Stonehill College

private Catholic liberal arts college in Massachusetts, US

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Stonehill College
Stonehill Emblem.png
Seal of Stonehill College
MottoLux et Spes
Motto in English
Light and Hope
TypePrivate liberal arts college
Established1948; 75 years ago (1948)
Religious affiliation
Roman Catholic (Congregation of Holy Cross)
Endowment$218.8 million (2020)[1]
PresidentJohn Denning
Academic staff
Location, ,

42°03′25″N 71°04′48″W / 42.057°N 71.080°W / 42.057; -71.080Coordinates: 42°03′25″N 71°04′48″W / 42.057°N 71.080°W / 42.057; -71.080
CampusSuburban, 375 acres (152 ha)
Colors    Purple and white[2][3]
Sporting affiliations
NCAA Division INEC
Mascot"Ace" the Skyhawk
Stonehill College logo.png
The former Ames estate was the first building of the Stonehill campus

Stonehill College is a private Roman Catholic liberal arts college in Easton, Massachusetts. It was founded in 1948 by the Congregation of Holy Cross and is located on the original estate of Frederick Lothrop Ames Jr., with 29 buildings that complement the original Georgian-style Ames mansion.

Stonehill's engineering majors spend their last four semesters of undergraduate education at the University of Notre Dame, Stonehill's sister institution and another Holy Cross school.


In the autumn of 1934, the Holy Cross Fathers in North Dartmouth began to look for new quarters because of increasing seminary enrollment. The current Stonehill campus was purchased from Mrs. Frederick Lothrop Ames Jr. on October 17, 1935. The initial purchase included 350 acres (1.4 km2) and the original Ames mansion; the congregation purchased the remaining 190 acres (0.77 km2) from Mrs. Cutler two years later. Frederick Lothrop Ames Jr. was the great-grandson of Oliver Ames Sr., who came to Easton in 1803 and established the Ames Shovel Company.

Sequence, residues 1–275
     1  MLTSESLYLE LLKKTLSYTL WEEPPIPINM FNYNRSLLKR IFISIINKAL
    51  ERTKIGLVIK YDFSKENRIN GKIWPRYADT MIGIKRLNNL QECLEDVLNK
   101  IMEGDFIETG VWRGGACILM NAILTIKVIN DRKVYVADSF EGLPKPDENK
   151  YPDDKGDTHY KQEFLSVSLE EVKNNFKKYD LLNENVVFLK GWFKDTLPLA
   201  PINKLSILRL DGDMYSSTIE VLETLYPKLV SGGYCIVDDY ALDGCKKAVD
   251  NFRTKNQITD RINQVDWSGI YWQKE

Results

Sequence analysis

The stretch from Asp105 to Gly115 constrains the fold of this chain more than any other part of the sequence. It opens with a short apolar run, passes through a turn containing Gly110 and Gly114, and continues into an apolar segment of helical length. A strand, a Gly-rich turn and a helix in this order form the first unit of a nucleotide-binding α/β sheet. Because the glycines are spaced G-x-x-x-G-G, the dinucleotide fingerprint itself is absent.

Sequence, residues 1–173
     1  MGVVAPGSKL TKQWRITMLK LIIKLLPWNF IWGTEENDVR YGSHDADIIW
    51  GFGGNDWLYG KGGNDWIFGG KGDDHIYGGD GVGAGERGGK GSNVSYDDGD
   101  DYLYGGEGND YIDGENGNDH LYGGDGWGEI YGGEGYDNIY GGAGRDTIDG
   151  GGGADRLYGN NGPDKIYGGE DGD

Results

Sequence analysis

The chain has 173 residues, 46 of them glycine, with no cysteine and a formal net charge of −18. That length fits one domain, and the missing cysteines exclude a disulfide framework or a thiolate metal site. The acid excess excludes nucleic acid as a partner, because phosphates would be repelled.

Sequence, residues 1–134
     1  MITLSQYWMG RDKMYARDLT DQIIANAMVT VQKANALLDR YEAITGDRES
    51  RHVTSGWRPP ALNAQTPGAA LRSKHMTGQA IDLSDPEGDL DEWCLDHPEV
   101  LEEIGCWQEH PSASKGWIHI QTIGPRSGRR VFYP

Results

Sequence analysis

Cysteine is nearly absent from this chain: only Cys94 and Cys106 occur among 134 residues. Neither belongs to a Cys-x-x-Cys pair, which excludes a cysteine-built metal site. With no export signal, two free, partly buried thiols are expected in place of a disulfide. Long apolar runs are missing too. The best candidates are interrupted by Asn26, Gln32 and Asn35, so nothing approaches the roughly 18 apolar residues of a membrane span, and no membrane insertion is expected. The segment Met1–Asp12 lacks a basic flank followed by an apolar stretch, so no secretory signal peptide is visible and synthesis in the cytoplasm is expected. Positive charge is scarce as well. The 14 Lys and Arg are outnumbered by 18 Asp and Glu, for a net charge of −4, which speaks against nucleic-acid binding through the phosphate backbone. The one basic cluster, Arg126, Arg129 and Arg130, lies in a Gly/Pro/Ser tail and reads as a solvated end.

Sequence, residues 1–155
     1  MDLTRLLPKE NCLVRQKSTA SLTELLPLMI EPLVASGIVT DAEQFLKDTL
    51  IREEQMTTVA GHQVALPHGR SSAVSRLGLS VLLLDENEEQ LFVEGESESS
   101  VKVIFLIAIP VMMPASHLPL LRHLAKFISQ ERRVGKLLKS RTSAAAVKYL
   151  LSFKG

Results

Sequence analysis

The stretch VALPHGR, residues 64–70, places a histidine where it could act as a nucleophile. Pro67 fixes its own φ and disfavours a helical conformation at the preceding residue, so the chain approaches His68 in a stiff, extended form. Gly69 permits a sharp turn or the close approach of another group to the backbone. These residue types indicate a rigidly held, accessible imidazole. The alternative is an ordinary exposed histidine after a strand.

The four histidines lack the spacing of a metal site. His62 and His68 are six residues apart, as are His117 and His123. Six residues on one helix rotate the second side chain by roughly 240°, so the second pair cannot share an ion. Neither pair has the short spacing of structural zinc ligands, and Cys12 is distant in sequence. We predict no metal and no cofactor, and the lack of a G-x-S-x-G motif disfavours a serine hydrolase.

The Commonwealth of Massachusetts authorized the Congregation of Holy Cross to establish Stonehill College on the Frederick Lothrop Ames Jr. estate on June 30, 1948. In September of that year the college enrolled 134 men as the first class. Classes were held in the mansion and in the Ames Gym.

The first building built by the college was the Science Building which opened in February 1949. In 1974 the building was renovated and renamed the Tracy Science Building in honor of David Tracy, a former Stonehill advisor and trustee. After the opening of the Shields Science Center in 2009, the building was converted to be used by university administration and was renamed Merkert-Tracy Hall.